PETROGENESIS OF THE LINCOLN SYENITE, MAINE: EVIDENCE FOR LATE SILURIAN-EARLY DEVONIAN MELTING OF A SOURCE REGION MODIFIED BY SUBDUCTION DRIVEN METASOMATISM
The Late Silurian-Early Devonian (418 ± 1 Ma) Lincoln syenite (a.k.a. Lincoln sill or Lincoln shonkinite), exposed discontinuously over a distance of 75 kilometers in south-central and mid-coastal Maine, represents one of the most unusual igneous rocks in the Appalachian orogen. Rocks unaffected by post-magmatic recrystallization are highly porphyritic and characterized by large dark colored alkali feldspar megacrysts set in a finer grained matrix dominated by alkali feldspar + clinopyroxene + orthopyroxene + biotite + oxides. The rocks are intermediate in terms of SiO2 content (55-59 wt. %), yet are ultrapotassic (6-7 wt. % K2O) and relatively primitive in terms of their MgO (Mg# > 67), Cr (> 400 ppm), and Ni (> 150 ppm) concentrations. Additionally, the rocks exhibit large ion lithophile element enrichment relative to the high field strength elements along with elevated concentrations of light rare earth elements (200-300 x chondrite). The syenites show limited radiogenic isotopic variability with relatively high initial 87Sr/86Sr values (0.707 to 0.710), relatively low initial eNd values (-4.8 to -6.7), and initial Pb isotopic compositions characteristic of igneous rocks in central Maine (e.g., 207Pb/204Pb = 15.577 to 15.639). Correlation with the geochemically similar Parks Pond pluton in eastern Maine extends the distribution of Late Silurian-Early Devonian ultrapotassic magmatism in Maine to an orogen-parallel distance of over 150 km. The geochemical characteristics of these rocks are most consistent with a model involving the partial melting of a mantle wedge previously metasomatized by subduction derived fluids.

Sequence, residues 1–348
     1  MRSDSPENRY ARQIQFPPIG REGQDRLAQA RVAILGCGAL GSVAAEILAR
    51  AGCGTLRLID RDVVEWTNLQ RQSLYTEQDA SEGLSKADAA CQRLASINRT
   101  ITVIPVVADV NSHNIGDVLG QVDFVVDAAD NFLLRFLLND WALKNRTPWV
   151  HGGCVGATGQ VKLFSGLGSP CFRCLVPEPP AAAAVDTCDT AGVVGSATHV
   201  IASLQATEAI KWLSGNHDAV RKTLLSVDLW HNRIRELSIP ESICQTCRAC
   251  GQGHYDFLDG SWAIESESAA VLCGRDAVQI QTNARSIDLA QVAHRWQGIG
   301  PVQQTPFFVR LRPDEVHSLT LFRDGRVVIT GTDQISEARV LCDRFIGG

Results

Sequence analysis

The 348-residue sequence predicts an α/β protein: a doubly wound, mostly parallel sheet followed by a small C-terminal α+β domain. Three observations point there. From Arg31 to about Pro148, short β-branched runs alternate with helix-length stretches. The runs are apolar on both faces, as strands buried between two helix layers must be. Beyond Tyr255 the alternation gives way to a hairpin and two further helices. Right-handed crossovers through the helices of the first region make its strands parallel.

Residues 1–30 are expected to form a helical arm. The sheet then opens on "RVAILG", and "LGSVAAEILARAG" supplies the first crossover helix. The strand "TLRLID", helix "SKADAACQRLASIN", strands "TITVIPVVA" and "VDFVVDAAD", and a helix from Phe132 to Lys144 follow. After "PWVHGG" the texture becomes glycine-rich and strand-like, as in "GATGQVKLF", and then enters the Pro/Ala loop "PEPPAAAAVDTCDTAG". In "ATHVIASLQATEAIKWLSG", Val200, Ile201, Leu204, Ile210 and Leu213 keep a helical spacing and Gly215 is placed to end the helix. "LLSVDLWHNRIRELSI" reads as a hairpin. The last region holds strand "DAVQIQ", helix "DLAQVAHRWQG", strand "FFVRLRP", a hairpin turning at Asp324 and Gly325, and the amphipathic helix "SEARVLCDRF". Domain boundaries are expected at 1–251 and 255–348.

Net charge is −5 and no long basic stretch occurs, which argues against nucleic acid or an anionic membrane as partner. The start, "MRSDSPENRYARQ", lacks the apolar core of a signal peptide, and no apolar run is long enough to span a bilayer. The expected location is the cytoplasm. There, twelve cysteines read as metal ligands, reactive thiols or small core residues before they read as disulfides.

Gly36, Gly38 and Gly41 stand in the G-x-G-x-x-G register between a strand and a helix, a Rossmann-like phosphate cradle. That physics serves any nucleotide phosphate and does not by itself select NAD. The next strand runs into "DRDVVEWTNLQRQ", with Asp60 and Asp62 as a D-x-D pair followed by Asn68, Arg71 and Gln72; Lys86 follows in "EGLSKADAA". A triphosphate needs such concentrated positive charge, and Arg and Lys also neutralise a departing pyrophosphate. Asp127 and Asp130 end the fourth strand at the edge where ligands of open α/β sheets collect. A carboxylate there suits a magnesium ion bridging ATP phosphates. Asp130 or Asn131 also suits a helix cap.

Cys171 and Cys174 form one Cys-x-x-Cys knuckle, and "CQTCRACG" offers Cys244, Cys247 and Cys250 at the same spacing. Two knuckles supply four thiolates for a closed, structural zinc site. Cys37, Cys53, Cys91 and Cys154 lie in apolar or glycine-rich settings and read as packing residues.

Comparisons with rocks of similar composition in known tectonic environments suggest the Lincoln syenite (and by association the Parks Pond pluton) formed as a result of lithospheric extension superimposed on a sub-continental lithospheric mantle source region previously modified by subduction-driven metasomatism. The timing and structural position of this ultrapotassic magmatism is consistent with a geodynamic model involving slab-break off or the convective removal of lithospheric mantle (delamination) in association with Acadian convergence. Both processes facilitate a brief period of crustal extension and decompression melting of source rocks previously modified by subduction related processes.